Division of the Budget
Landon State Office Building Phone: (785) 296-2436
900 SW Jackson Street, Room 504 adam.c.proffitt@ks.gov
Topeka, KS 66612 Division of the Budget http://budget.kansas.gov
Adam Proffitt, Director Laura Kelly, Governor

January 30, 2023

The Honorable Adam Smith, Chairperson
House Committee on Taxation
300 SW 10th Avenue, Room 346-S
Topeka, Kansas 66612
Dear Representative Smith:
SUBJECT: Fiscal Note for HB 2061 by House Committee on Taxation
In accordance with KSA 75-3715a, the following fiscal note concerning HB 2061 is
respectfully submitted to your committee.
Under current law, individual income tax rates are set at 3.1 percent for income under
$15,000 ($30,000 for married filing jointly), 5.25 percent for income between $15,000 and $30,000
(between $30,000 and $60,000 for married filing jointly), and 5.7 percent for income $30,000 and
over ($60,000 and over for married filing jointly). HB 2061 would eliminate the individual income
tax for taxpayers with income under $15,000 ($30,000 for married filing jointly) and set the
individual income tax rate to 5.0 percent for income over $15,000 ($30,000 for married filing
Under current law, corporation tax rates are set at 4.0 percent of taxable income (normal
tax) and an additional tax of 3.0 percent of taxable income (surtax) applies to taxable income in
excess of $50,000. The bill would set the corporation tax rate at 5.0 percent of taxable income.
The bill reduces the privilege surtax rate for national banking associations and state banks from
2.125 percent to 0.88 percent for net income in excess of $25,000. The bill reduces the privilege
surtax rate for trust companies and savings and loan associations for tax from 2.125 percent to 0.96
percent for net income in excess of $25,000. All rate changes would begin in tax year 2024.
The bill would create a procedure to allow individual and corporation income tax rates to
decrease in future tax years. Beginning in FY 2024, the Director of the Budget, in consultation
with the Director of Legislative Research, would certify to the Secretary of Revenue at the end of
each fiscal year and not later than June 30, the amount of actual tax receipt revenues to the State
General Fund in excess of the most recent joint estimate of revenue. The Secretary of Revenue
would be required to compute the individual and corporation income tax rate reductions that would
The Honorable Adam Smith, Chairperson
Page 2—HB 2061

decrease receipts by the certified amount rounded down to the nearest 0.01 percent. The rate
change would be required to published by the Secretary of Revenue by October 1, and would go
into effect in the next tax year. Once made, any rate reduction would remain in effect unless
further reduced, and annual reductions would continue until the income tax rates are reduced to
0.0 percent. Lower tax receipts would not trigger an automatic rate increase.

Estimated State Fiscal Effect
FY 2023 FY 2023 FY 2024 FY 2024
SGF All Funds SGF All Funds
Revenue -- -- ($428,000,000) ($428,000,000)
Expenditure -- -- $75,950 $75,950
FTE Pos. -- -- -- --
The Department of Revenue estimates that HB 2061 would decrease State General Fund
revenues by $428.0 million in FY 2024, $1.452 billion in FY 2025, and $1.541 billion in FY 2026.
The fiscal effect to state revenues during subsequent years by revenue source would be as follows:
Revenue Source FY 2024 FY 2025 FY 2026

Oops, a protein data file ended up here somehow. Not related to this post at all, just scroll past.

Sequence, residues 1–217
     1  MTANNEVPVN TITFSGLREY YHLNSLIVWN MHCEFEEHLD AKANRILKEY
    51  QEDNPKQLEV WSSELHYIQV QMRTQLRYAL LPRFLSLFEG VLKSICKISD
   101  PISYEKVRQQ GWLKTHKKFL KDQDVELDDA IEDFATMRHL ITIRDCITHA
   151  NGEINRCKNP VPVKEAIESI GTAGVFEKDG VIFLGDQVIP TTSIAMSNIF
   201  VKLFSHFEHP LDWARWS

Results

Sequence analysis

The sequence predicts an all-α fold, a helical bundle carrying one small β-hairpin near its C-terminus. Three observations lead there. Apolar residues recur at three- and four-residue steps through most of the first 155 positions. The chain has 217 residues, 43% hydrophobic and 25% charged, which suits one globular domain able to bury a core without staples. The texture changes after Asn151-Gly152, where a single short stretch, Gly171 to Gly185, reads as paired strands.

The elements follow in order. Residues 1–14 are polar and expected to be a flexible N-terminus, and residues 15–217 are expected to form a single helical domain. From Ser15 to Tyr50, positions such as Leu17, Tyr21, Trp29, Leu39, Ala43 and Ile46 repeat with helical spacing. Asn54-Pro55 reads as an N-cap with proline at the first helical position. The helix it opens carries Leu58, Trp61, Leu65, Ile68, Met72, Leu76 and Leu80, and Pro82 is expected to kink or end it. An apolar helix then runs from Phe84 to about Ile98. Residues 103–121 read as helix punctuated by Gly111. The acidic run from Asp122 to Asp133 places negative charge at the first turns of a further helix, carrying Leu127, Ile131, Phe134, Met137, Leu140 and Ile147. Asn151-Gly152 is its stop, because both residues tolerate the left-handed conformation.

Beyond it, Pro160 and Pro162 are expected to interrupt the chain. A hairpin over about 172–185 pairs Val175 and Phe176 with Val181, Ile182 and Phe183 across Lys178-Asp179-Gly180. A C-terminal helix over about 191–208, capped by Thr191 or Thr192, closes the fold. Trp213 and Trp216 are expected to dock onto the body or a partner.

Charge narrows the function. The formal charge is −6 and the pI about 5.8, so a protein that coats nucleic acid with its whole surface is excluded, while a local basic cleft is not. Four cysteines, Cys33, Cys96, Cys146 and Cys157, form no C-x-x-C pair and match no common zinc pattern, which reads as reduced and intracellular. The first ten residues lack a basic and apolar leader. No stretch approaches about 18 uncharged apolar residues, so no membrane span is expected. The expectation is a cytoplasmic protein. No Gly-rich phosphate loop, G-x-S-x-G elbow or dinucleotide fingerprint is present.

Individual ($372,700,000) ($1,260,000,000) ($1,340,000,000)
Corporation (50,300,000) (175,900,000) (184,700,000)
Financial Institutions (5,000,000) (15,800,000) (16,500,000)
($428,000,000) ($1,451,700,000) ($1,541,200,000)
To formulate these estimates, the Department of Revenue simulated this tax policy change
based on actual tax return data from tax year 2020. The estimate for FY 2024 includes 30.0 percent
of tax year 2024 tax liability. The estimate for FY 2025 includes 70.0 percent of tax year 2024 tax
liability and 30.0 percent of tax year 2025 tax liability.
The Department indicates that the bill would require $75,950 from the State General Fund
in FY 2024 to implement the bill and to modify the automated tax system. The required
programming for this bill by itself would be performed by existing staff of the Department of
Revenue. In addition, if the combined effect of implementing this bill and other enacted legislation
exceeds the Department’s programming resources, or if the time for implementing the changes is
too short, additional expenditures for outside contract programmer services beyond the
Department’s current budget may be required.
The Department of Administration indicates that adjusting state income tax collections has
the potential to have a fiscal effect on the amount of revenue collected from its debt setoff program.
This program intercepts individual income tax refunds and homestead tax refunds and applies
those amounts to debts owed to state agencies, municipalities, district courts, and state agencies in
other states. Debts include, but are not limited to child support, taxes, educational expenses, fines,
services provided to the debtor, and court ordered restitution. As the dollar amounts of refunds
are increased, the amount available for possible debt setoffs is also increased. However, the
The Honorable Adam Smith, Chairperson
Page 3—HB 2061

Department is unable to make a precise estimate of the amount of debts setoffs that will be
intercepted as a result of the bill. Any fiscal effect associated with HB 2061 is not reflected in The
FY 2024 Governor’s Budget Report.


Adam Proffitt
Director of the Budget

cc: Lynn Robinson, Department of Revenue
Tamara Emery, Department of Administration

Statutes affected:
As introduced: 79-1107, 79-1108, 79-32